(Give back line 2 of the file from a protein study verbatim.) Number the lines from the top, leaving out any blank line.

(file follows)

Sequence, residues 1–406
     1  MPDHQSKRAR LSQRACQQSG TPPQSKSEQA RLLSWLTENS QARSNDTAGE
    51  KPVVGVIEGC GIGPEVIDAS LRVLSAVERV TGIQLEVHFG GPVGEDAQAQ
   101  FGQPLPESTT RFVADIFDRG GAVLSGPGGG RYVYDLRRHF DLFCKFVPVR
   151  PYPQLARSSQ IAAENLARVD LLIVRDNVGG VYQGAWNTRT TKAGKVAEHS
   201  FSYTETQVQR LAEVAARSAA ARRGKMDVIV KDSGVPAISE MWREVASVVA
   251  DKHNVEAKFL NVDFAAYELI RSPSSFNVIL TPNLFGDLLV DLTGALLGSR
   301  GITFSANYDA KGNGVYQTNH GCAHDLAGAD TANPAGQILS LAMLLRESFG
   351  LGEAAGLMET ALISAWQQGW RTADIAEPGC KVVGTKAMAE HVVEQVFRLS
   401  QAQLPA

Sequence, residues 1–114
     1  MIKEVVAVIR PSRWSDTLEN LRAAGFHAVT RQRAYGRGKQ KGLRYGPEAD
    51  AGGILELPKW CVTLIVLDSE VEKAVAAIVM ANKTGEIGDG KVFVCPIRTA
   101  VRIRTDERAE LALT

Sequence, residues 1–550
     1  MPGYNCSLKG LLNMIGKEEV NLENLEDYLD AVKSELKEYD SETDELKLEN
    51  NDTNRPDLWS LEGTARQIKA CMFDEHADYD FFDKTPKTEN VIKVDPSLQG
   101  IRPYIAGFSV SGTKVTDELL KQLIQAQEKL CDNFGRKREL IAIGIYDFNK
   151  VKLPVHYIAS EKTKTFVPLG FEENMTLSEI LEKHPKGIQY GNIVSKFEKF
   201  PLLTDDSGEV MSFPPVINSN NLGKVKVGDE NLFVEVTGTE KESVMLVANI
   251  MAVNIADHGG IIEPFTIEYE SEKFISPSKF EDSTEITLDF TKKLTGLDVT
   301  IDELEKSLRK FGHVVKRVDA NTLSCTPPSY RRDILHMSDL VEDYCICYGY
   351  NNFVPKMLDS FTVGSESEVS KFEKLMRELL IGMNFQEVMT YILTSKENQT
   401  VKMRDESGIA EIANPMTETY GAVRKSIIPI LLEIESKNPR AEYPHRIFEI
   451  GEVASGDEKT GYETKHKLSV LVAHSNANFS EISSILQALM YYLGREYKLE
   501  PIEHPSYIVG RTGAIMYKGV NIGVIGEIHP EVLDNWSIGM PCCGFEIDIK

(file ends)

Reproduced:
     1  MPDHQSKRAR LSQRACQQSG TPPQSKSEQA RLLSWLTENS QARSNDTAGE